If you have a Government that is steady, forethinking and consistent, a strong and well regulated obedient army, along with a homogenous spiritual population, the only thing that county should fear would be decadence(That part is opinion). Steady, forethinking and consistent doesn't necessarily mean good or bad. They could be brutally authoritarian or strict egalitarian as long as the culture allows such.

$\endgroup$
0
$\begingroup$

Assuming a roughly circular shape, that's only about 400km across. Not too bad for horse riders to cover if you put the capital city roughly in the center, especially with relay stations at regular intervals.

Even signal towers with smoke and/or fire signals can work, maybe have both.

As already pointed out, similar sized fiefdoms of various natures existed in reality within the rough technological and social era you're considering, this shows how they could exist.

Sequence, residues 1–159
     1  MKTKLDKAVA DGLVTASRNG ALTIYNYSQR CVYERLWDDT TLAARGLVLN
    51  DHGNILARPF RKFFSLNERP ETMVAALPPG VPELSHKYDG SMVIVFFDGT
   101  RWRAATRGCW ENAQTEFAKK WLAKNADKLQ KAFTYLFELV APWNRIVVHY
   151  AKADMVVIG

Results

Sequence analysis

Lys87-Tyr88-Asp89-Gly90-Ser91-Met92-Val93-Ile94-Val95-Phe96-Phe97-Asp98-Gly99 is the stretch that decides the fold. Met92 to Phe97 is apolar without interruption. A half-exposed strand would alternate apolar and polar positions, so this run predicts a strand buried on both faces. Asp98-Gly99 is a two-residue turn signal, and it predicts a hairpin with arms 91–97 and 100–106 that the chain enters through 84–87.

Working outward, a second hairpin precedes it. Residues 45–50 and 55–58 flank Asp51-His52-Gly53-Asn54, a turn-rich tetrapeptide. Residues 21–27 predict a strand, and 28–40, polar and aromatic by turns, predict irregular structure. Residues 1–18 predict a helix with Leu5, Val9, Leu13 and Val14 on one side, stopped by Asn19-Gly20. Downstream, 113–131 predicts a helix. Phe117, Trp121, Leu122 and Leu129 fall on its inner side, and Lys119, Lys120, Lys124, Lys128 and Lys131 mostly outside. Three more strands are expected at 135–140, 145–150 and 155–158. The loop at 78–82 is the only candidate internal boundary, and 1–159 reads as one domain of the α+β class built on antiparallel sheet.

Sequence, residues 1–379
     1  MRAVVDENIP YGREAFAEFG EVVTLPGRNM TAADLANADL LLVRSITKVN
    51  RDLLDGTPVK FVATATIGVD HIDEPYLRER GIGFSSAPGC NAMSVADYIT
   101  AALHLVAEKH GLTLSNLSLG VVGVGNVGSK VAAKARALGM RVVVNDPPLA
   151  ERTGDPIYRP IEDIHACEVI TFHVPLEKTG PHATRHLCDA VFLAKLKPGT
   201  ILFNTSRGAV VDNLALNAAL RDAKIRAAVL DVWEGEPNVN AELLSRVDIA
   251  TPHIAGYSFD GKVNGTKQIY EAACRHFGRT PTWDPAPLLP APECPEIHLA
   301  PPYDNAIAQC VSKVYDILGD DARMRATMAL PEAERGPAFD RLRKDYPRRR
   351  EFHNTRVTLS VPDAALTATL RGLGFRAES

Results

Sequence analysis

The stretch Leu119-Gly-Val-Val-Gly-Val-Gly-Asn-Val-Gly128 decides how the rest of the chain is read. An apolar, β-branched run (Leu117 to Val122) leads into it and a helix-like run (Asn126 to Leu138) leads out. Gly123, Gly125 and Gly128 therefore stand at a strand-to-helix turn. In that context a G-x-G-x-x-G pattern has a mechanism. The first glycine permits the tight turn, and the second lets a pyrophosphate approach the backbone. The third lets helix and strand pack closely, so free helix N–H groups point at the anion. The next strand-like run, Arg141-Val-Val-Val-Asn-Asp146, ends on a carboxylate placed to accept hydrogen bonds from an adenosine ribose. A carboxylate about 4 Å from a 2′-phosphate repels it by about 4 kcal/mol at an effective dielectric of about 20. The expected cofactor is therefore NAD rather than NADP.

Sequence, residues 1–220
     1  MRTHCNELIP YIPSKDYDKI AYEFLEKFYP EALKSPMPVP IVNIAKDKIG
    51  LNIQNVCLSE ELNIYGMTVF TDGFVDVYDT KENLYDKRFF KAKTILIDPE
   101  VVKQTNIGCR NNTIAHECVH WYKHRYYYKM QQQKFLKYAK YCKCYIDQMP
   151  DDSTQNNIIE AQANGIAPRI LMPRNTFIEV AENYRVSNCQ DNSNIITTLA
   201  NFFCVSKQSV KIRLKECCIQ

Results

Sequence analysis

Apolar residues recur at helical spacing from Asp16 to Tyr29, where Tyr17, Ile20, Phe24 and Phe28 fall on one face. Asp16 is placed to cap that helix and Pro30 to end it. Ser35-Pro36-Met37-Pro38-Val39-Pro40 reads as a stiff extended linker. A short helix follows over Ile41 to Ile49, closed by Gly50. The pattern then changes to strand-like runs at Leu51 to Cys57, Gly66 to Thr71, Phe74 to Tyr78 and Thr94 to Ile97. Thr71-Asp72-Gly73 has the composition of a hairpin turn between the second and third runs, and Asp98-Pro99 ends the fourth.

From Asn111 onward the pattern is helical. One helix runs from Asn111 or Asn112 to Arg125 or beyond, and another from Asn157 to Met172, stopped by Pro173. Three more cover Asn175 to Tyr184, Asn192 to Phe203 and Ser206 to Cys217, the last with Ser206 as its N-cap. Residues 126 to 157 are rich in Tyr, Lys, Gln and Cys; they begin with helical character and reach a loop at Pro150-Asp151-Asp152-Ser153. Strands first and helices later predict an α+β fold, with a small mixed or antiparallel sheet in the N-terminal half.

Of course it depends on geography and culture as well. If the area is hard to navigate, control over outlying regions becomes next to impossible (which is why there are for example so many separate tribes in New Guinea, before helicopters and aircraft it was pretty much impossible to travel from one valley to the next there because of the terrain, so different 'nations' could exist within a few kilometers of each other and never even know about each other).

But you will have to create a cohesive culture across your land, with relatively small regional variations. Either that or have large garrisons to suppress unrest and rebellion in the outlying provinces, which brings its own problems as the leaders of those garrisons might just decide to lead said rebellion rather than suppress it (happened during the late Roman era too, and maybe a plot element for you to use).

$\endgroup$

You must log in to answer this question.

Not the answer you're looking for? Browse other questions tagged .